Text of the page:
Updated: Jul 27, 2020
(by Margie Goldsmith)
When I was about eight years old, my mother squinted at me through her cornflower blue eyes, which always turned into little slits if she was either angry with me or had something profound to say. This time it was, “Don’t be a mother. It’s not worth it.” I was sitting at the fold-out kitchen table eating breakfast, with my two sisters, one 18 months older and one 18 months younger. We looked at her blankly.
My mother was different. She liked to think of herself as a revolutionary because during her spring break at college, she’d gone to West Virginia to take photographs of coal workers, and because she’d once written a story for The Daily World, a Communist newspaper. She never stopped telling us those same two stories. She always wore dresses that were strange colors like olive drab (not popular in the 1950s), and while other mothers her age were sporting bobs, my mother wore her long hair swept up in a bun.
Most women back then were housewives; they cooked, cleaned, and ironed. Cooking was not part of my mother’s skills. I was thrilled whenever I was invited to a friend’s house for a delicious home-cooked meal like lamb chops or lasagna. My favorite meal at my own home was the treat we were allowed when my parents went out and left us with a babysitter: Swanson’s Turkey Pot Pie. Other times, my sisters and I had dinner in the cramped kitchen before my father came home. The only time we ate with my parents was on Sundays, when we were allowed to have hot cross buns (which were delivered on Saturdays) and scrambled eggs with bacon, which my father made. There was no conversation—everyone was absorbed in a section of the newspaper.
My mother had been brought up rich, so she’d never had to worry about money or learn how to cook. When she graduated from Vassar, she became a bohemian, rebelling against her sheltered life by marrying my father, a funny and creative but poor man. Her mother was livid and never stopped criticizing my father. Worse, he wanted to be a writer and couldn’t support our family that way, so my grandmother doled out money for our food, education, and housing.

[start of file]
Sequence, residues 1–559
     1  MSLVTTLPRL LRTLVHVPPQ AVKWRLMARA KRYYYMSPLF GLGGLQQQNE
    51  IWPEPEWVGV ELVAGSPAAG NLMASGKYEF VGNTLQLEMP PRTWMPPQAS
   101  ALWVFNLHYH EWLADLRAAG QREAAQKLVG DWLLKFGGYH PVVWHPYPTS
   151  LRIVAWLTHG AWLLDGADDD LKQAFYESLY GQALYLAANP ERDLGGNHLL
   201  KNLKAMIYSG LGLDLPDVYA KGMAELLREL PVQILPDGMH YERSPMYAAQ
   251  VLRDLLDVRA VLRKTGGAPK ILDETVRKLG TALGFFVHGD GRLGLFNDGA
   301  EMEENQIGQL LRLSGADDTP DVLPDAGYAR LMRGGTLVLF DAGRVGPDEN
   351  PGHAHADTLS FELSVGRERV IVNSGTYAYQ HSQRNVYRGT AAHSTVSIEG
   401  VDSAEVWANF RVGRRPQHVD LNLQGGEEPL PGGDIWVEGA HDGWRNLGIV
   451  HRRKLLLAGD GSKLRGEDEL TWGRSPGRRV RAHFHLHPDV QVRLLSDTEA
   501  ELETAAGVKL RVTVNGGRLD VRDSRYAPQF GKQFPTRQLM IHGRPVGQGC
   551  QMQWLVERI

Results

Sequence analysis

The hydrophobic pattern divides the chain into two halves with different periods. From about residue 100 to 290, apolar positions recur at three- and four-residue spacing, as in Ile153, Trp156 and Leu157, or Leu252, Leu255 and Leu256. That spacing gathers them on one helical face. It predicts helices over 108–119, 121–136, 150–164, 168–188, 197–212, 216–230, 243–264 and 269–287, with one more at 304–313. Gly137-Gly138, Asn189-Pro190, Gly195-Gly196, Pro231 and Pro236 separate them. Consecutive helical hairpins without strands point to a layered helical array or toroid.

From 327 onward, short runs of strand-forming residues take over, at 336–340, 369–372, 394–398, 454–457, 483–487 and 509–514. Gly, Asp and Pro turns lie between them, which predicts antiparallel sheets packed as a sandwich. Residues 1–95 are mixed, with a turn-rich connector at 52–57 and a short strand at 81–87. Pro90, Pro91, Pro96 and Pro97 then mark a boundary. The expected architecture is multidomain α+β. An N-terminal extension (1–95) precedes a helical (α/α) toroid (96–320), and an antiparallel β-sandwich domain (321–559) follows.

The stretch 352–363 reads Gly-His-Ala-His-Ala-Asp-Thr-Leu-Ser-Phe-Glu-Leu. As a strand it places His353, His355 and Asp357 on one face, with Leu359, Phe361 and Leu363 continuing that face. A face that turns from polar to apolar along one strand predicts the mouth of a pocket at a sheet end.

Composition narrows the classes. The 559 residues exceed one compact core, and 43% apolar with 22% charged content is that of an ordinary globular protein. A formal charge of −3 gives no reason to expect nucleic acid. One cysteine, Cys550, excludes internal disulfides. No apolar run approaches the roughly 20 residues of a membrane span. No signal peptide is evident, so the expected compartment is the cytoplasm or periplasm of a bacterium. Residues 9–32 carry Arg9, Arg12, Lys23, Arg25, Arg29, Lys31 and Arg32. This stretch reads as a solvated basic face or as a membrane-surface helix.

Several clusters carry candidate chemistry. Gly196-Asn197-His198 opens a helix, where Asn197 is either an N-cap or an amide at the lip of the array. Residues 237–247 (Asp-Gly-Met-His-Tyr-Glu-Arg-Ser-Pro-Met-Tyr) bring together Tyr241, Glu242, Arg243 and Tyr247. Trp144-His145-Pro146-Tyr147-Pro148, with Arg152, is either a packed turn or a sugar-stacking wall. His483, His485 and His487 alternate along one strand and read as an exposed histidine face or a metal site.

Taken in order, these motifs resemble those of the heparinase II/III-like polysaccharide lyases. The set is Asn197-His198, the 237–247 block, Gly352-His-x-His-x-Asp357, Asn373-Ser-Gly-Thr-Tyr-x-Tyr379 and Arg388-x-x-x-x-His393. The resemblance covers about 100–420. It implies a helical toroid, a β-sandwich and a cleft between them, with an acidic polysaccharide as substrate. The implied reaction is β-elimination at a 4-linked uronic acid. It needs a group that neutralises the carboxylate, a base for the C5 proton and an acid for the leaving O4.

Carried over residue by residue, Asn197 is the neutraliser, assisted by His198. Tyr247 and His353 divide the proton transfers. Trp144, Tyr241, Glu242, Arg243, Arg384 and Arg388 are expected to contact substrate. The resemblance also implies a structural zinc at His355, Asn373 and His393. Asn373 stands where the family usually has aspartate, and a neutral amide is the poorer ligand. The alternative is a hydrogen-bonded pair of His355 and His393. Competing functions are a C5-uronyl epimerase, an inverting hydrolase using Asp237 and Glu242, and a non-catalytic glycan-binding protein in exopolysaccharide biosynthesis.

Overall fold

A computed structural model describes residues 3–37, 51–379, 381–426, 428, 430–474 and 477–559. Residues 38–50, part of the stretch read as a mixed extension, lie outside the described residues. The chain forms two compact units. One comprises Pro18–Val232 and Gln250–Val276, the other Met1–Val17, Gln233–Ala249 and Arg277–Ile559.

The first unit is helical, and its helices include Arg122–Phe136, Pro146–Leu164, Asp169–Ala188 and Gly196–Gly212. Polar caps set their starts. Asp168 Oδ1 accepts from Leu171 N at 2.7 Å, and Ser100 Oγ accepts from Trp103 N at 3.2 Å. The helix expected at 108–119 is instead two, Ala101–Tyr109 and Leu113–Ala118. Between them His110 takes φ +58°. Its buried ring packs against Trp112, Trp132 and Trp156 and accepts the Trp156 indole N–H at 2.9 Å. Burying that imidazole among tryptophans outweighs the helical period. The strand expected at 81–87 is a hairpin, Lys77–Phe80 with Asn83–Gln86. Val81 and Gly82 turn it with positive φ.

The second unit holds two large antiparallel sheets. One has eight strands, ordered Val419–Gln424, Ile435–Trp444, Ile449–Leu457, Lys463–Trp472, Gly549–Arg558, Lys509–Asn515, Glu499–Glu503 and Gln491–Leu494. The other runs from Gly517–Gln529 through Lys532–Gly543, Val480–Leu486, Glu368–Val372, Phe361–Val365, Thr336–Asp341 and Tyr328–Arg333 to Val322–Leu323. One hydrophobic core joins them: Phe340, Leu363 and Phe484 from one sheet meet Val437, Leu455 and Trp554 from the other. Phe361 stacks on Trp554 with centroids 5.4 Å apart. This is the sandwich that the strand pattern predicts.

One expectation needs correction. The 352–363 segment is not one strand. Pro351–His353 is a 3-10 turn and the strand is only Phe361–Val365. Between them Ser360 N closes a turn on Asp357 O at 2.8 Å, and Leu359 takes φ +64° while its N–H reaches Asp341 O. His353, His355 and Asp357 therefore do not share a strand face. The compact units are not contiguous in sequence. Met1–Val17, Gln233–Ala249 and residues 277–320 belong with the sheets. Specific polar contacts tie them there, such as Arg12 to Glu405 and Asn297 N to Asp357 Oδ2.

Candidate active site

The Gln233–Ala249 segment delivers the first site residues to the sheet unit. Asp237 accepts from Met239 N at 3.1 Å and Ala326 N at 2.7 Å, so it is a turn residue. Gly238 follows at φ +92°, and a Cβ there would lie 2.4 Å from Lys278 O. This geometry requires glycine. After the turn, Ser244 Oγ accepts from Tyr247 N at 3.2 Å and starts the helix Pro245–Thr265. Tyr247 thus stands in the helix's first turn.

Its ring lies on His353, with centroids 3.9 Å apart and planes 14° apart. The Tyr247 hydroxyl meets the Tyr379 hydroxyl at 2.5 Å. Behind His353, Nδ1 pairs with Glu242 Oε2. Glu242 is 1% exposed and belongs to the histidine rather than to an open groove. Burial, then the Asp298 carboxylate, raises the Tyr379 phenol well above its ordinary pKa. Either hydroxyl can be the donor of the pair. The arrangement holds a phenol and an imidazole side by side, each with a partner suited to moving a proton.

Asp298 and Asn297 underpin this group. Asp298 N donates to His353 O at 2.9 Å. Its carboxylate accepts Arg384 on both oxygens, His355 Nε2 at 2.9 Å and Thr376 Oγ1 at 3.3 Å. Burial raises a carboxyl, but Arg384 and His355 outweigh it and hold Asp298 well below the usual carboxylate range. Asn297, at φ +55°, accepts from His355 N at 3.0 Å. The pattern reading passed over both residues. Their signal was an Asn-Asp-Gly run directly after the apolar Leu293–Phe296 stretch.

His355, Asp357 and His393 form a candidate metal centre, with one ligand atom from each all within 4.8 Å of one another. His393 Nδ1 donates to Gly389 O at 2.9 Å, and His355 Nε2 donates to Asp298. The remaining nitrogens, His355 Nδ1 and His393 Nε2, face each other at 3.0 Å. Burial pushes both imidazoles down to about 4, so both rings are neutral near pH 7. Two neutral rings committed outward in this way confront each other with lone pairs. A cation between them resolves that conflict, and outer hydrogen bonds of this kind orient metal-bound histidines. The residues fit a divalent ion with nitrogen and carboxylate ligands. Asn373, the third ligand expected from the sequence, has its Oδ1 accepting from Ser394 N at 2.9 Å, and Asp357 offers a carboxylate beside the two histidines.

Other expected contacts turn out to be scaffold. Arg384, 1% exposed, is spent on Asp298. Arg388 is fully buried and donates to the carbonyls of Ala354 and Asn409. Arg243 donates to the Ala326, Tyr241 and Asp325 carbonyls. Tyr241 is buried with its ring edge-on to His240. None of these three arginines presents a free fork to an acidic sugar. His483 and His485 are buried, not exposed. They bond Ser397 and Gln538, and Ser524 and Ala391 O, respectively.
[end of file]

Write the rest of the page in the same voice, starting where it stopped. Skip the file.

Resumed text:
Just as my grandmother said my father wasn’t good enough for my mother, I always felt the same way: Nothing I did was good enough for my mother. If I did something she considered difficult, her typical comment was “I could never do that,” but the way she said it made it sound like criticism, never a compliment. After college graduation, I fled for Europe, married, and watched French women prepare meals. I learned to cook just one: lamb with fresh applesauce (peeled, boiled, and mashed myself). I did not aspire to be Julia Child.
After three marriages and three divorces, I now order in, unless I’m going out with friends. But in this time of social distancing, dinners with friends are on hold. I did have a strange but familiar hankering for Swanson’s Turkey Pot Pie, but I knew it would taste nothing like I remembered it, so I refrained. If nostalgia hits again, the supermarket is just a couple of blocks away.
Margie Goldsmith, a writer in New York City, is the author of Masters of the Harmonica: 30 Harmonica Masters Explain Their Craft. She has been to 140 countries and has won 91 writing awards, including a recent first place from the American Society of Journalists and Authors. Every evening at 7 p.m., she plays “Amazing Grace” and “Taps” on her harmonica out her window to show her appreciation for the frontline workers.
Coq au Vin
(adapted from Julia Child)
4 oz. lean thick-cut bacon
3 lb. chicken breasts and legs, skin on
1/2 t. salt
1/4 t. freshly ground pepper
1 yellow onion, chopped
2 t. minced garlic
2 bay leaves
1 sprig fresh rosemary, minced
2 c. red wine
2 c. chicken broth
3 T. flour
2 T. butter
10 oz. button mushrooms, halved if large
In a large casserole, fry bacon over medium heat until lightly browned.
Remove with a slotted spoon, chop and set aside, retaining the fat.
Brown chicken on both sides in the hot fat, about 8 minutes.
Season with salt and pepper.
Add onions, garlic, bay leaves, and rosemary.
Continue sautéing until onions begin to soften, about 6 minutes.
Add red wine and chicken broth.
Bring to a boil, then reduce heat, cover and simmer for 30 minutes.
Preheat oven to 200 F.
Remove chicken and keep warm in oven.
Stir flour and butter into the sauce.
Bring back up to a boil, stirring constantly, until sauce begins to thicken.
Lower heat to medium, add mushrooms and reserved bacon, and cook 10 - 12 minutes.
Place chicken back in sauce and check for seasoning.